Rita Blanca National Grassland is a National Grassland on the Great Plains near the community of Texline in northwest Dallam County, Texas, in the Texas Panhandle, and in southern Cimarron County, Oklahoma, in the western Oklahoma Panhandle. The principal city in the area is Dalhart, Texas, which houses the XIT Museum.
Dallam County is a county located in the northwestern corner of the U.S. state of Texas. As of the 2010 Census, its population was 6,703. Its county seat is Dalhart. The county was founded in 1876 and later organized in 1891. It is named for James Wilmer Dallam, a lawyer and newspaper publisher.
The National Grassland consists of about 100 tracts of land interspaced with privately owned ranchland. It is located in the mixed grass prairie region. The terrain is characterized by sandy and red slate hills in addition to grassland and oak brush. The creek bottoms are wooded with cottonwood, elm, and hackberry. Wildlife includes white-tailed deer, turkey and quail. The Washita River flows through the grassland. It is a small stream here near its headwaters, only a few feet wide and shallow. The nearest town is Cheyenne where the Grassland headquarters is located.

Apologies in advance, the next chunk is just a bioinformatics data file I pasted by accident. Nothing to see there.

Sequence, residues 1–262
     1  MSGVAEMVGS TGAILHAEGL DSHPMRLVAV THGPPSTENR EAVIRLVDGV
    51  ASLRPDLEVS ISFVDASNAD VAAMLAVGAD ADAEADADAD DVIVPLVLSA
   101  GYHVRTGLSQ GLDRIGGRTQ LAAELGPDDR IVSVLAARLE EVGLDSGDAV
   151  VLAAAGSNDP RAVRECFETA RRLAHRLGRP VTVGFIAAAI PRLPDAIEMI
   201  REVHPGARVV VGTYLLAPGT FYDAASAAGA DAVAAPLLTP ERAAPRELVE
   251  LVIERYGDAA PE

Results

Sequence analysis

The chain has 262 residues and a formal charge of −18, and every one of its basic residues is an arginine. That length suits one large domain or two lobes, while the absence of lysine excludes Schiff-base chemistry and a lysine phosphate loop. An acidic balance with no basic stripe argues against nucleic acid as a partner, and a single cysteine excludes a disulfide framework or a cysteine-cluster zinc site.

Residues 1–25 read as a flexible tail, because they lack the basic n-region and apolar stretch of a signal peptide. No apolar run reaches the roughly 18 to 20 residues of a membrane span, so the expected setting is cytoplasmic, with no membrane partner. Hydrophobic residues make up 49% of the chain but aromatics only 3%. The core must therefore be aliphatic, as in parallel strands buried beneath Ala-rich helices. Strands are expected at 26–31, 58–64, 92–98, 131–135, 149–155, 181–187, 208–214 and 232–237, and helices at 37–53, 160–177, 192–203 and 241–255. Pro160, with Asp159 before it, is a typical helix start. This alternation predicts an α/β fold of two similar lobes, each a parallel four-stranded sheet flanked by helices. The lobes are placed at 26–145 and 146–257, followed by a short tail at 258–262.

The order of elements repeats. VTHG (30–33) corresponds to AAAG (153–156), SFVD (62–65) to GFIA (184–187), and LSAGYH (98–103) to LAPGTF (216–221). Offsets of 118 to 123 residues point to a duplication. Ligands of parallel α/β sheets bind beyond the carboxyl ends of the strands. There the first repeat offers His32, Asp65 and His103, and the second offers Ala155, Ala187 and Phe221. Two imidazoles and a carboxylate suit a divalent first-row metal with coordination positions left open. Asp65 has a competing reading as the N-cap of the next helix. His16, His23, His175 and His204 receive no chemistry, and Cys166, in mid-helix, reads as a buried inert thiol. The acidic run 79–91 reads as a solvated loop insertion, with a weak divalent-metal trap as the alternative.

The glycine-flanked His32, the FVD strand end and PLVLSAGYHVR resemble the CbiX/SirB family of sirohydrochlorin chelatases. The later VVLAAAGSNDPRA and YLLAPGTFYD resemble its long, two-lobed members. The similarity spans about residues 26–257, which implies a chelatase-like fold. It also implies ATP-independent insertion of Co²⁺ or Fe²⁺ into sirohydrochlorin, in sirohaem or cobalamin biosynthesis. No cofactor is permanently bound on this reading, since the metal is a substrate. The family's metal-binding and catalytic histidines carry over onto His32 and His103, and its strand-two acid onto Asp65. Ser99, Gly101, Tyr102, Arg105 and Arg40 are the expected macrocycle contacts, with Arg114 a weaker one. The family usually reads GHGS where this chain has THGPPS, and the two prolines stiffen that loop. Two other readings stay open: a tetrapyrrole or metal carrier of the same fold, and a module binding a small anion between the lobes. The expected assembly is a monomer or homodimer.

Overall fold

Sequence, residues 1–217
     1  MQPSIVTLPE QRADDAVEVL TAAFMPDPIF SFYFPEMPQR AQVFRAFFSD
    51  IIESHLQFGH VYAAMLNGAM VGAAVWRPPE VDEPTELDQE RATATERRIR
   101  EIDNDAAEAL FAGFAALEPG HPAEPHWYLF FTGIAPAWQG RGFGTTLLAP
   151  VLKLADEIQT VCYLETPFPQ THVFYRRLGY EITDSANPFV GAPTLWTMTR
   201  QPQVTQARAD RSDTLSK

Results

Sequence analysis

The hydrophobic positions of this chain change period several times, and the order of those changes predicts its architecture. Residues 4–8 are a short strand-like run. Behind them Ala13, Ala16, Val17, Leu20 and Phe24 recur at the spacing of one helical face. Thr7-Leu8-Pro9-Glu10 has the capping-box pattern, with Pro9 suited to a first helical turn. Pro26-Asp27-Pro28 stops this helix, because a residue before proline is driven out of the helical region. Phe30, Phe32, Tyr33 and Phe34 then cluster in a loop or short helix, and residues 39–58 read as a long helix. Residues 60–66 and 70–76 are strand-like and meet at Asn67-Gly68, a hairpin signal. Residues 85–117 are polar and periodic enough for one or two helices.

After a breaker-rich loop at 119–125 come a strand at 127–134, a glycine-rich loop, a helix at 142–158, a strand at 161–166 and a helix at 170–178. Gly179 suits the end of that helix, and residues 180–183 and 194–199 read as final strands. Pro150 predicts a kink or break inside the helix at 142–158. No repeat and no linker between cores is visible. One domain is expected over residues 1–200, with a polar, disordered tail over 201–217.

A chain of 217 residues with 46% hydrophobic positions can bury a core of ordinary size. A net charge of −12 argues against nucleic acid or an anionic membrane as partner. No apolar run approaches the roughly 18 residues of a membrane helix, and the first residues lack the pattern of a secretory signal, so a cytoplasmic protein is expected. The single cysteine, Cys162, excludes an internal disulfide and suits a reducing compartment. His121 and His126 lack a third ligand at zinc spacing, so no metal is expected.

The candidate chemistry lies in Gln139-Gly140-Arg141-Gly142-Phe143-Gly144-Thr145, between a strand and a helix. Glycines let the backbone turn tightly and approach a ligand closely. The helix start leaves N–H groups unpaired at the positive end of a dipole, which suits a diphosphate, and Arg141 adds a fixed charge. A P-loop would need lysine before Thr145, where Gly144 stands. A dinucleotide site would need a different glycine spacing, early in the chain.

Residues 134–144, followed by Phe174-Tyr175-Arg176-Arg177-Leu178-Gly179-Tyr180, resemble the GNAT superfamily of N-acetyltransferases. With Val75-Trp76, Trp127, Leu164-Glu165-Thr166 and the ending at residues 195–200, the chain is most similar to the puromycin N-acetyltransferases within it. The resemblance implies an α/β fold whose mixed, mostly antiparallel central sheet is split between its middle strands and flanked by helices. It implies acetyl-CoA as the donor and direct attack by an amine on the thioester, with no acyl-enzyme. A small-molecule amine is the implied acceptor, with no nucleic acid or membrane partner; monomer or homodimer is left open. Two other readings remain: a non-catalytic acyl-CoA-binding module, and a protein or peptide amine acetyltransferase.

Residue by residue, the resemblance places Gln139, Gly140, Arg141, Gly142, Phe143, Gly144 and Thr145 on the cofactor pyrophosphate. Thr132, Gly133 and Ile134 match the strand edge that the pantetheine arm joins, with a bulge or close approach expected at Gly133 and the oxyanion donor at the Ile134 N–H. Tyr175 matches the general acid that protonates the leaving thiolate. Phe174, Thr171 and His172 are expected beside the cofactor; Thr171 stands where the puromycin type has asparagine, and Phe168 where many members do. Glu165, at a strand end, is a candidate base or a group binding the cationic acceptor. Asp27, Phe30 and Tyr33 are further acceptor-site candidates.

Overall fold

Populus deltoides, the eastern cottonwood or necklace poplar, is a cottonwood poplar native to North America, growing throughout the eastern, central, and southwestern United States, the southernmost part of eastern Canada, and northeastern Mexico.